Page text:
You can see all the books available (so far) in this series by entering "The Non-Electric Lighting Series" in the Amazon search bar above.
This book covers wick-type kerosene lamps and lanterns. It’s for users, not antique dealers. How can we generate LIGHT? That is the question.
Fuel substitutes, safety, operating procedures, maintenance, repair, and various lamp styles are the topics. Things to look for when buying used. Cost effectiveness. Homemade lamps. Candlepower. Those are the subjects discussed. Collector value? Never mentioned.
This book covers, of course, the simple flat-wick lamps sold today in every Walmart and Family Dollar. But there’s quite a bit more to it than that.
As a young adult, I happened to be at my parent's home one evening when a blackout occurred. My mother sent me to check on an elderly woman, a 90-year-old family friend, who lived alone. When she came to the door, I was dazzled by the kerosene lamp she had burning in the living room. Whereas the kerosene lamp my parents kept tucked away for emergencies gave off light on par with a 7-watt nightlight, this woman’s lamp was more like a 40-watt light bulb. It was not a Coleman lantern that hissed or needed pumping up. It was merely a wick-fed table lamp that ran on kerosene, a Rayo.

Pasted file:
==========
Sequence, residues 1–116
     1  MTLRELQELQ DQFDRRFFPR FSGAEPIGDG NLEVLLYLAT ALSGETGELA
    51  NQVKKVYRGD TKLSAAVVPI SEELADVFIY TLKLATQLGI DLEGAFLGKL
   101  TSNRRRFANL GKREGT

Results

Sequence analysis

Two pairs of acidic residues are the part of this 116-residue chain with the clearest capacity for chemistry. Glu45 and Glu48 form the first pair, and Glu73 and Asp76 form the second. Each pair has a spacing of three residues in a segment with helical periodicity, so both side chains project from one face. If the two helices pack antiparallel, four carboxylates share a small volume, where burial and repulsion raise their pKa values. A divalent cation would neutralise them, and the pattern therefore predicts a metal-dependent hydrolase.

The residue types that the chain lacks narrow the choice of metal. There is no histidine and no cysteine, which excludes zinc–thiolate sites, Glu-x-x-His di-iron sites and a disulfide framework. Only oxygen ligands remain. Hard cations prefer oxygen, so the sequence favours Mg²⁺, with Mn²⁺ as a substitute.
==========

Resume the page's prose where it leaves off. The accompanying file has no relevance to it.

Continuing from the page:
I later discovered that Rayos were on the market twenty years before Colemans. The Rayo wick, instead of being flat, was tubular, like a sock. The fire at the top of the wick formed a ring. Light output was striking.
When I got home and told my mother about it, she said, “Oh yes. And in England they used to have Duplex lamps. They had two wicks instead of one. That's what they used during the War." Turns out Duplexes were introduced thirty years before Rayos.
What?! How could I get to be so old and yet be so ignorant? This is technology from Grandpa’s day. Surely I should be a step ahead of Grandpa, no?
Then again, maybe not. Maybe it’s time to just back up a step and see what we’ve forgotten. I think most folks will be surprised.